Jordaan. A gift of seven points! The game went back and forth with not too much 'gaining grounds', but the Sharks were better at retaining possession. Their passing was, on the whole, immaculate and a joy to watch. The Lions must be given credit for their guts and never-say-die attitude. The two
tries in the second half, by de Klerk and van Rensberg were expertly planned and carried out.
The second of these tries came from powerful forward play and good ball retention which led to a perfectly executed grubber from the talented Marnitz Boshoff at flyhalf after. Jantjies went off injured. The latter had had a poor game; he's so talented but too erratic – the charged down chip was a disastrous mistake. I would start him on the bench even if he is a 'Springbok'. For the Sharks, Francois Steyn marshalled the game very well from flyhalf and his place-kicking was unerring.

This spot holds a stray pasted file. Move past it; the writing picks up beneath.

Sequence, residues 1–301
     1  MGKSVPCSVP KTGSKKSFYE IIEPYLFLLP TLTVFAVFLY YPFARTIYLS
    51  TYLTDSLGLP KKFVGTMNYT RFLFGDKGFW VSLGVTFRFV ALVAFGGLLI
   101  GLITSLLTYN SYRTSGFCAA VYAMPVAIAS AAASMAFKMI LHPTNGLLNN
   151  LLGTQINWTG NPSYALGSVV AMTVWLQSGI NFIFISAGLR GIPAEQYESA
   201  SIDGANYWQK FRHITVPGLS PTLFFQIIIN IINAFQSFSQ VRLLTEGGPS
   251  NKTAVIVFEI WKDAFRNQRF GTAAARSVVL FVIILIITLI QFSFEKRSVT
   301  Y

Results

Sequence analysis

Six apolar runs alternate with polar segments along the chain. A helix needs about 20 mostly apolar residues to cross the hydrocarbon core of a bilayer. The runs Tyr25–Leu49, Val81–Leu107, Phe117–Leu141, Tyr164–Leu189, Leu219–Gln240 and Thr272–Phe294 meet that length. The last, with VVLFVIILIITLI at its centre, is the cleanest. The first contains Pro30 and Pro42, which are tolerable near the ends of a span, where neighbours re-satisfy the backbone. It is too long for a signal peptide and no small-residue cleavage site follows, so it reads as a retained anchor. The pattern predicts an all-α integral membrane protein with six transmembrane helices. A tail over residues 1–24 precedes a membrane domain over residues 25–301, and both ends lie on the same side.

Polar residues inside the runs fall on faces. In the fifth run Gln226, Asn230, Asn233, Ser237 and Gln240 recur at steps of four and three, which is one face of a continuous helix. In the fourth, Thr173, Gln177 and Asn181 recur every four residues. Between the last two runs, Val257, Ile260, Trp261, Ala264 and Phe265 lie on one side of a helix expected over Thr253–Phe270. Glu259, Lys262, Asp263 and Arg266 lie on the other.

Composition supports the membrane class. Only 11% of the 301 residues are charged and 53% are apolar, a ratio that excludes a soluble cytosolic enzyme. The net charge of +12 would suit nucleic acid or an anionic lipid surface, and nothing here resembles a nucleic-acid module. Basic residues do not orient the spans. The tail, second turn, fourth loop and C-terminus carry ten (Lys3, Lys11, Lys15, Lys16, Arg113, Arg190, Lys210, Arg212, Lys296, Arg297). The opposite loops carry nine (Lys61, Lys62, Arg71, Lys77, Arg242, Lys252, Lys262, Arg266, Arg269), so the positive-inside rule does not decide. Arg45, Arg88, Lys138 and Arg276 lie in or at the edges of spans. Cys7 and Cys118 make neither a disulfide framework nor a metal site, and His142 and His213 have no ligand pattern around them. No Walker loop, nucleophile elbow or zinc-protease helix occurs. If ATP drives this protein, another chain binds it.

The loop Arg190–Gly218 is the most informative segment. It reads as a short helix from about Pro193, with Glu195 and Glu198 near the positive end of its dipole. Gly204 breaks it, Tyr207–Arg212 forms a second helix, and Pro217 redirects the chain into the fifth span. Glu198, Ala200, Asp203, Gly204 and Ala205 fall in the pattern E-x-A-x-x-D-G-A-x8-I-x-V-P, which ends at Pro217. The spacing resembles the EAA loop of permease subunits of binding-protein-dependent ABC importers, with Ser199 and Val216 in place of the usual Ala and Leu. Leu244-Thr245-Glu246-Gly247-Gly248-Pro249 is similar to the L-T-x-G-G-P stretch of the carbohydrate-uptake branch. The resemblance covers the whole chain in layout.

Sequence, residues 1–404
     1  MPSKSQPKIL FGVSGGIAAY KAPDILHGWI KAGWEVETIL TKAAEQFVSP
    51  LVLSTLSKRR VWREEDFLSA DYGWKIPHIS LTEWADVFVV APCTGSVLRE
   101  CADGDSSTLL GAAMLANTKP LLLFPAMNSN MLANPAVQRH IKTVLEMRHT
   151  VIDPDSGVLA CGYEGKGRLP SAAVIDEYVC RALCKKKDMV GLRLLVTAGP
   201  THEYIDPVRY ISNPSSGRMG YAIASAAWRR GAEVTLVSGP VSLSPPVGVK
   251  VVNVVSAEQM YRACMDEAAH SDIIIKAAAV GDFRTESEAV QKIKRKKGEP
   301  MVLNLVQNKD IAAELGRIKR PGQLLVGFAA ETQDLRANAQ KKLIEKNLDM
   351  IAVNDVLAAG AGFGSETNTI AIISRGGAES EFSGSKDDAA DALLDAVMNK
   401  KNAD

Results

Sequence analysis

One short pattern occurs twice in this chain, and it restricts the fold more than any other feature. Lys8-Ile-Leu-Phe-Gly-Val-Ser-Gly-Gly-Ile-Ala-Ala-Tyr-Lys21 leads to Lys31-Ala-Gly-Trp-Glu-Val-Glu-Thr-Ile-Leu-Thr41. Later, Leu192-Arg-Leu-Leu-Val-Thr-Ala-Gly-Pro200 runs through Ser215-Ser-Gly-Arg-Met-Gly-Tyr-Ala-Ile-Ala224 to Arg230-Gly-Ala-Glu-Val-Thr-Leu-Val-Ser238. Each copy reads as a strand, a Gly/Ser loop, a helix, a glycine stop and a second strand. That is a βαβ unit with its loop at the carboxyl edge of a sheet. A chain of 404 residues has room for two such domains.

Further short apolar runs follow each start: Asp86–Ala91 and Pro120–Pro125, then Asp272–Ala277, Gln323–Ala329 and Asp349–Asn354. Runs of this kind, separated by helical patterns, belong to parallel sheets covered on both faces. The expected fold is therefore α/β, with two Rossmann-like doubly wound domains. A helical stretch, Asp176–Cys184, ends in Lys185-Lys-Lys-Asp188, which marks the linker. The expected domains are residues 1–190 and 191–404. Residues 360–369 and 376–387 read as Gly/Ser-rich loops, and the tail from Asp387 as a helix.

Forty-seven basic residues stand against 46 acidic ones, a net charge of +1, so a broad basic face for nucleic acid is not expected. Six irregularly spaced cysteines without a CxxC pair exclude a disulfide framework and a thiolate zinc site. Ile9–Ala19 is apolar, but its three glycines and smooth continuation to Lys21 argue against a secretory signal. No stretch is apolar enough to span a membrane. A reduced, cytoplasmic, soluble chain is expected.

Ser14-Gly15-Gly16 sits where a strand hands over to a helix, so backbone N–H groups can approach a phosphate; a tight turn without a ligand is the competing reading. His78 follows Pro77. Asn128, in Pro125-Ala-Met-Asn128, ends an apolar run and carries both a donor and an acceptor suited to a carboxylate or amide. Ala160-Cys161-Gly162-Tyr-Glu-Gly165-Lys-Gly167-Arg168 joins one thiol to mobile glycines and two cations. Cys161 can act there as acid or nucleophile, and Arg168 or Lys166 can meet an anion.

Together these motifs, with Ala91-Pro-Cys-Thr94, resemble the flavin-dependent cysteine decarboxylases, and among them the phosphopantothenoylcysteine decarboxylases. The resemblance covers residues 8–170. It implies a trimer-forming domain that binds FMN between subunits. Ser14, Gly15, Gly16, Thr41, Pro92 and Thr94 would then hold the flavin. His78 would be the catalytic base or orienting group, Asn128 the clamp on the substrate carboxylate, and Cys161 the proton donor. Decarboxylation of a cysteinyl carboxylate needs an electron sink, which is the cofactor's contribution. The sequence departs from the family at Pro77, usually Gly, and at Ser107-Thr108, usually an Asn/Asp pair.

In other matches, The Force came back this week with a resurrection of biblical proportions. Four tries in the first twenty minutes!. The Rebels were shell-shocked. They were played out of their comfort-zone and were unable to function with any degree of continuity. After thrashing the Cheetahs last week, they simply couldn't operate at any level of cohesion. What a difference a week makes.
The Cheetahs came short against the Reds. Although they played with their customary drive and energy, too many errors were made. The conclusive try by the Reds hooker, Hanson, in a thirty-metre run up the touchline was sensational as he knocked off defenders, including Philip van der Walt nogal. Goosen had an off-day, chip-kicks poorly executed and he could not put his stamp on the match. Sarel Pretorius, when he came on, injected fresh energy, but, hell is he slow to the breakdowns!
One last thought: shouldn't all backline coaches be teaching as an essential routine exercise, practised over and over until perfected, the 'Sonny Bill Williams' one-handed offload. Against tight defence, it's becoming more and more essential.
Captained Rhodesia 1962 – 1969 Rector of Michaelhouse. (1978-1986)
"Rugby is a thinking game – its’ not a running or a kicking game. This mania for running with the ball and playing open rugby at all costs is stupid – you must adapt yourself to the circumstances and play to your strength"
Now 50 years later Niel Jardine writes for Frosty Rugby Fans ...